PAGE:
Check Your Siding for Storm Damage

The combination of strong winds, snow, rain-snow mixture, and cold/fluctuating temperatures can take its toll on siding. With all of the rough weather the Lower Mainland has been experiencing these past few weeks and more winter storms heading our way, now that there’s a sunny day or two in the forecast check your siding for storm damage.

Why You Should Check the Siding

Whether your home is clad with cedar siding, aluminum siding or vinyl siding, if it becomes damaged, its ability to protect your house from the elements is compromised. While any type of quality siding is designed to weather a number of climatic conditions, even two or three consecutive days of rough weather can be enough to do some harm.

You will want to see if any damage has been done and then identify the type of damage and its extent. For example, a small dent in aluminum siding can wait for spring but a house missing a section of cedar shingles should be repaired as soon as possible. Especially if the siding hasn’t been inspected for six or more months before the winter storms hit the Lower Mainland, previously undetected holes or cracks could be made worse.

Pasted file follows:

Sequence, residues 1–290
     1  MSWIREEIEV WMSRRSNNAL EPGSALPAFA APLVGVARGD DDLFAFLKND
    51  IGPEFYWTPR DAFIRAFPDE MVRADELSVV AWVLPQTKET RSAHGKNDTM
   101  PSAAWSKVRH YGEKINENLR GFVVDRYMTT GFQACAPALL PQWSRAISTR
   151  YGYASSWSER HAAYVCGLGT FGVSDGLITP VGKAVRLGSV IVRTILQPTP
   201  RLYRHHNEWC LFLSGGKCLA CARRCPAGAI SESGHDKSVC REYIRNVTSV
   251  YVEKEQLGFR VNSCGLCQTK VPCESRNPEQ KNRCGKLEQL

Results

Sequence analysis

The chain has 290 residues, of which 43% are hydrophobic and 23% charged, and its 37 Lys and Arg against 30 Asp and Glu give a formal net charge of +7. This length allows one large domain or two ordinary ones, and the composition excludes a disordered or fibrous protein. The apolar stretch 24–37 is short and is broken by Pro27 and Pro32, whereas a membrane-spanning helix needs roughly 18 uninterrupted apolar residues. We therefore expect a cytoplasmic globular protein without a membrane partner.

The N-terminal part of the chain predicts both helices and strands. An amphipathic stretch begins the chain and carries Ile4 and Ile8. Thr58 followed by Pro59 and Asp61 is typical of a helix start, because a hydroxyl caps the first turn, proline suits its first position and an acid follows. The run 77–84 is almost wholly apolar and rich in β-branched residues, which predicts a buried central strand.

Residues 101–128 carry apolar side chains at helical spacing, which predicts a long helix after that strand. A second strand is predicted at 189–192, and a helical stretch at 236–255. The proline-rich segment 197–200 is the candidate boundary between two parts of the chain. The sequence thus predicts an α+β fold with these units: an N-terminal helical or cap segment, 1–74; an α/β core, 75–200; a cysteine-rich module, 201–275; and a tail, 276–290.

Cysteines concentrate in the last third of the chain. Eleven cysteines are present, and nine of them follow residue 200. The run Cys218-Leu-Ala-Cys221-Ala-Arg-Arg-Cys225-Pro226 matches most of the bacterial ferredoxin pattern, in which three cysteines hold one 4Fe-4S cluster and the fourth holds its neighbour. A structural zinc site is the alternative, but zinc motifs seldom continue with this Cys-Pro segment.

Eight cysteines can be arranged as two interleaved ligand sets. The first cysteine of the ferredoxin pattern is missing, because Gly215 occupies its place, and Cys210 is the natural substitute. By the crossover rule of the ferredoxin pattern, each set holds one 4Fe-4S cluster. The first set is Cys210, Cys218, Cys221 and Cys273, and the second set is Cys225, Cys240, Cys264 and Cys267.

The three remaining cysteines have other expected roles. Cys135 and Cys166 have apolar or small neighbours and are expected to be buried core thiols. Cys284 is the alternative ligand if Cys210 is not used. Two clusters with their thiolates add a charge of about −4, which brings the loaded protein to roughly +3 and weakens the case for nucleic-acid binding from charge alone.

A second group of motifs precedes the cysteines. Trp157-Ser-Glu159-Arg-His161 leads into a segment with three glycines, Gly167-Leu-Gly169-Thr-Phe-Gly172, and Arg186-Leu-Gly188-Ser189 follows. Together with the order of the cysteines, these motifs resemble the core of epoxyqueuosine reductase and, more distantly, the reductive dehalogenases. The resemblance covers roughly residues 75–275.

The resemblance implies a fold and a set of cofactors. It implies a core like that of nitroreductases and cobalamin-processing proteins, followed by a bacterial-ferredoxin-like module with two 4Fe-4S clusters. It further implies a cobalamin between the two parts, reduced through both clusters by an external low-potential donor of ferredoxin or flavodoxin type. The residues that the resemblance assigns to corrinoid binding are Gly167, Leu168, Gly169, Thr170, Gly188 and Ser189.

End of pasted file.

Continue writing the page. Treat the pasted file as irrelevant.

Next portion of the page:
Be Safe

Before heading outside to check the siding to make sure your home’s exterior is still in good shape, be safe. Wait until conditions are right. Look out for icy patches; avoid setting up the ladder on uneven ground; and dress warmly and limit the time you’ll be working outdoors.

What You’ll be Looking For

Winter storms damage siding in different ways. Look for small holes, cracks in vinyl siding or cedar siding, dents in aluminum siding, and loose/missing siding panels or cedar shingles. To decrease the time you’ll spend on a ladder, use binoculars to examine the siding of your house under the roofline. Also check for raised nail heads, the first sign of loose panels.

Lower gauges of aluminum siding are more susceptible to becoming dented. While denting might seem like just a matter of aesthetics, dents in aluminum siding can interfere with the continuous space behind siding panels that allow for air flow and water to drain if it does penetrate the cladding.

Check for gaps. Missing siding sections, cracks, and holes are particularly concerning since they can allow moisture in behind the siding. Moisture build-up contributes to rot (wood siding) and mold growth (any kind of siding). Gaps in siding make your home less energy-efficient, letting cold air in and warm air out.